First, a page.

Get to know this community through the narrative and pictures we’ve posted, and read about this water, sanitation, and hygiene project. We look forward to reaching out with news of success!

Project Photos

Project Type

Abundant water is often right under our feet! Beneath the Earth’s surface, rivers called aquifers flow through layers of sediment and rock, providing a constant supply of safe water. For borehole wells, we drill deep into the earth, allowing us to access this water which is naturally filtered and protected from sources of contamination at the surface level. First, we decide where to drill by surveying the area and determining where aquifers are likely to sit. To reach the underground water, our drill rigs plunge through meters (sometimes even hundreds of meters!) of soil, silt, rock, and more. Once the drill finds water, we build a well platform and attach a hand pump. If all goes as planned, the community is left with a safe, closed water source providing around five gallons of water per minute! Learn more here!

A Year Later: No More Tardiness for Students!

January, 2023

A year ago, your generous donation helped Bompa Morie Community in Sierra Leone access clean water – creating a life-changing moment for Konie. Thank you!

Keeping The Water Promise

There's an incredible community of monthly donors who have come alongside you in supporting clean water in Bompa Morie Community.

This giving community supports ongoing sustainability programs that help Bompa Morie Community maintain access to safe, reliable water. Together, they keep The Water Promise.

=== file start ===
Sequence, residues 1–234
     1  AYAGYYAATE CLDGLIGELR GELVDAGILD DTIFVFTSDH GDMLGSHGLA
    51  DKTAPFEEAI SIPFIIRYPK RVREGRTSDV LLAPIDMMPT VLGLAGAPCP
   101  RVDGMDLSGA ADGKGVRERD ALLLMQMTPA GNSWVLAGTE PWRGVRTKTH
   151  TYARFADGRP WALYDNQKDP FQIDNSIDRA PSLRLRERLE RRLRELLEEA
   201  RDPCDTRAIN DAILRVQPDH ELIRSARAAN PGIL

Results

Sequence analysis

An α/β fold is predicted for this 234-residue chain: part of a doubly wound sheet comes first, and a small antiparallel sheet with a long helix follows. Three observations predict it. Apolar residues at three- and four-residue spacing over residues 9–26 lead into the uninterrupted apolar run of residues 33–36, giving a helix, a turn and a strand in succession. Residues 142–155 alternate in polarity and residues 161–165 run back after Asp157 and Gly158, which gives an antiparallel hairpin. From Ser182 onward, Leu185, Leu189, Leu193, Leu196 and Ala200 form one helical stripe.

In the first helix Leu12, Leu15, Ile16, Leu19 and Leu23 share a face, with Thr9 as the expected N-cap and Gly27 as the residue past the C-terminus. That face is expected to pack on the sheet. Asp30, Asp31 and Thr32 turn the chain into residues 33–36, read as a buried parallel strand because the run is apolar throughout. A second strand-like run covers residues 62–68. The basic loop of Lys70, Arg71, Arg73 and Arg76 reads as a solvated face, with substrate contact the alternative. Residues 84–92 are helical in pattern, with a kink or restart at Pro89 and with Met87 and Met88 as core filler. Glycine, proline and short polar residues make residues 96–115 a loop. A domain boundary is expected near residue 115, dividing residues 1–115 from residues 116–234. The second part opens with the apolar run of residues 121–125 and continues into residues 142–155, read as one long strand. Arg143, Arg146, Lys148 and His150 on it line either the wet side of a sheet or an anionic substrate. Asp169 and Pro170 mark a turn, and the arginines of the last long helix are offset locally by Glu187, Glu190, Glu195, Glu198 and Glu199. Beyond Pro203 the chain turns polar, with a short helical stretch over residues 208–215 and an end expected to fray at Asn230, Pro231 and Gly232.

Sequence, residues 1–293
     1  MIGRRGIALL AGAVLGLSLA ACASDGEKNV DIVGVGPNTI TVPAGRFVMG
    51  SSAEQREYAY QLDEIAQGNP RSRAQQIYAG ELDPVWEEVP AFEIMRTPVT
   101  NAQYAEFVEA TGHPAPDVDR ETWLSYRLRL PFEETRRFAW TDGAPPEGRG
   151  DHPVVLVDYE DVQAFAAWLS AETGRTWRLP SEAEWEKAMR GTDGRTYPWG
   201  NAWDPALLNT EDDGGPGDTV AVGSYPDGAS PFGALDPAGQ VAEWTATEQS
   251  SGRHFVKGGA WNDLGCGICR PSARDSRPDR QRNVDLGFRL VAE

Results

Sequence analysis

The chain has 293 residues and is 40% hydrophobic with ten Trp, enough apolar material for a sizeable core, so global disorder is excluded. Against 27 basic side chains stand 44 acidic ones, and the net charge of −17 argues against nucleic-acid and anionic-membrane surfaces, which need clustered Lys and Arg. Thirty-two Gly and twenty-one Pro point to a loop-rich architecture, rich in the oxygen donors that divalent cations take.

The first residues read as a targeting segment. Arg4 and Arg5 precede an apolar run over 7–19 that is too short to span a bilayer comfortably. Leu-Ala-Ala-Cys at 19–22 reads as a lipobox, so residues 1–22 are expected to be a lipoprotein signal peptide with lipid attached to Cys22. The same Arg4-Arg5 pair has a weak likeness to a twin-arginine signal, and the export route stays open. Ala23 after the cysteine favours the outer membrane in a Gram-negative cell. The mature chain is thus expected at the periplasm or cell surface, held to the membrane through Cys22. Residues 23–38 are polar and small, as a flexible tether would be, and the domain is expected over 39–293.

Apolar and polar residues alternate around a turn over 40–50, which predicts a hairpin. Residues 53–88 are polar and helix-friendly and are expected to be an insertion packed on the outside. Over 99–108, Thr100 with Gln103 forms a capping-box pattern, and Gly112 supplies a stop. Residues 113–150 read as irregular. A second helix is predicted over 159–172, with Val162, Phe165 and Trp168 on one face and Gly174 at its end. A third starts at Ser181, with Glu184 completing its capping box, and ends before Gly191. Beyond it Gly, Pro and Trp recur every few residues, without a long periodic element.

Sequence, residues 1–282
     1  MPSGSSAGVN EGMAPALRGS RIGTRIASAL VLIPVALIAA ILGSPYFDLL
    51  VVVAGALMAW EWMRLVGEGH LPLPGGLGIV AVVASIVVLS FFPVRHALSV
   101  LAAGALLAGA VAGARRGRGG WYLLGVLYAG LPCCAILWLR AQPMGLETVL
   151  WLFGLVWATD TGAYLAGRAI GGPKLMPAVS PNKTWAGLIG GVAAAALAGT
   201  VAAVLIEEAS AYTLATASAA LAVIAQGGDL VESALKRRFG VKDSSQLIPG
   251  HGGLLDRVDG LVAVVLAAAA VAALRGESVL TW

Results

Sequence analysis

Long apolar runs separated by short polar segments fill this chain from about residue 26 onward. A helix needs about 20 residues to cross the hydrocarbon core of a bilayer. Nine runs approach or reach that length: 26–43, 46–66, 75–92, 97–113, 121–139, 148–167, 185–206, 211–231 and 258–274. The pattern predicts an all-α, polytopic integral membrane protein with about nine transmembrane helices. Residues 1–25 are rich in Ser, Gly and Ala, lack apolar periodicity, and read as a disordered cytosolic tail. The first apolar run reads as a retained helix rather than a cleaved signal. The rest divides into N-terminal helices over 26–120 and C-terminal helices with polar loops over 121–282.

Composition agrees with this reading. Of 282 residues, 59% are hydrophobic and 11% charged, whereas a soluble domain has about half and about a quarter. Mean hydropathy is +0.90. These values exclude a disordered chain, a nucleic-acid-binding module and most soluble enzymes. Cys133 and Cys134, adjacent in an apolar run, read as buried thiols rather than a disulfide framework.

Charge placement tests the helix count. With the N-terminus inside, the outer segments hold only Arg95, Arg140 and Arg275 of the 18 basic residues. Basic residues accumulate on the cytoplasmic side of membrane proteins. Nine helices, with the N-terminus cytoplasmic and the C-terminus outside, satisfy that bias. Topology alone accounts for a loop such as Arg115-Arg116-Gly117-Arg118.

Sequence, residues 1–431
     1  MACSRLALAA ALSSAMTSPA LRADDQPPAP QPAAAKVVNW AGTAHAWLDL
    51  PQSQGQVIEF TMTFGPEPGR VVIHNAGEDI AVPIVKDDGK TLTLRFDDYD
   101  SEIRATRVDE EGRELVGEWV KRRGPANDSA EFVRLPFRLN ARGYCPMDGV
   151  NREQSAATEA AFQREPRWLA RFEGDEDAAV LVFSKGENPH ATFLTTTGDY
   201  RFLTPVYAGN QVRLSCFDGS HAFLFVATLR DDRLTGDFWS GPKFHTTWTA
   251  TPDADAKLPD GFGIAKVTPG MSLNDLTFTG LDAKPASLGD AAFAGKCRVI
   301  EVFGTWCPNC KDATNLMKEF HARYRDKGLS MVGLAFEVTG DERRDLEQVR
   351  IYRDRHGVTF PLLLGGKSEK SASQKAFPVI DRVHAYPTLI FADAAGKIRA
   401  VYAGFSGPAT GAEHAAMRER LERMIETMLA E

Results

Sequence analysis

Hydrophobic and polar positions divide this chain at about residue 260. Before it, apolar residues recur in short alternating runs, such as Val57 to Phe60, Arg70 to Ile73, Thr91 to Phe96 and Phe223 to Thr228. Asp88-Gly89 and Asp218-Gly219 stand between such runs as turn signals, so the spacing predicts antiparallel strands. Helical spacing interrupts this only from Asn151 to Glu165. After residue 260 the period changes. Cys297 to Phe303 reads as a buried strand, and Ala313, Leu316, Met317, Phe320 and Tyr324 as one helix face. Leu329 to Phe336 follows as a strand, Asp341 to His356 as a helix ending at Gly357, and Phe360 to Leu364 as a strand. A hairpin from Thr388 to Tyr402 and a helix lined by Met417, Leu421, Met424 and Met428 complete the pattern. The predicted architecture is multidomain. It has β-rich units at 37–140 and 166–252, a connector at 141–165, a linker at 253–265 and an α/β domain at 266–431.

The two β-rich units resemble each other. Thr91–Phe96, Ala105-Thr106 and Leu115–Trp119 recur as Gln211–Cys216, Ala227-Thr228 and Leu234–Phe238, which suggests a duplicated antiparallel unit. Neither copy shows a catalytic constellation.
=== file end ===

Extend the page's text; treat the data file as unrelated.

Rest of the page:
We’re confident you'll love joining this world-changing group committed to sustainability!

Last year, before we added a well to Bompa Morie Community, people at the far end of town would have to walk for 30 minutes or more to fetch water from the community's well. Most of the time, they opted to fetch water from the closer stream instead, but this led to other issues.

"Before, it was really tough for us, the school-going children, because we [would] have to go all the way to the swamp very early in the morning to fetch water," said 16-year-old Konie K. "During the period of that, we [would] normally go to school late."

With a two-mile walk to school on top of their journey to the stream, schoolchildren would have no chance of getting to school on time or having enough energy to complete their schoolwork. But now, with another well on their side on the community, everything has changed.

"We now have a pure and safe water [source] in the village," Konie said. "As a result, we go to school on time. We now have time to rest in the morning before going to school."

Navigating through intense dry spells, performing preventative maintenance, conducting quality repairs when needed and continuing to assist community leaders to manage water points are all normal parts of keeping projects sustainable. The Water Promise community supports ongoing sustainability programs that help Bompa Morie Community maintain access to safe, reliable water.

We’d love for you to join this world-changing group committed to sustainability.

The most impactful way to continue your support of Bompa Morie Community – and hundreds of other places just like this – is by joining our community of monthly givers.

Your monthly giving will help provide clean water, every month... keeping The Water Promise.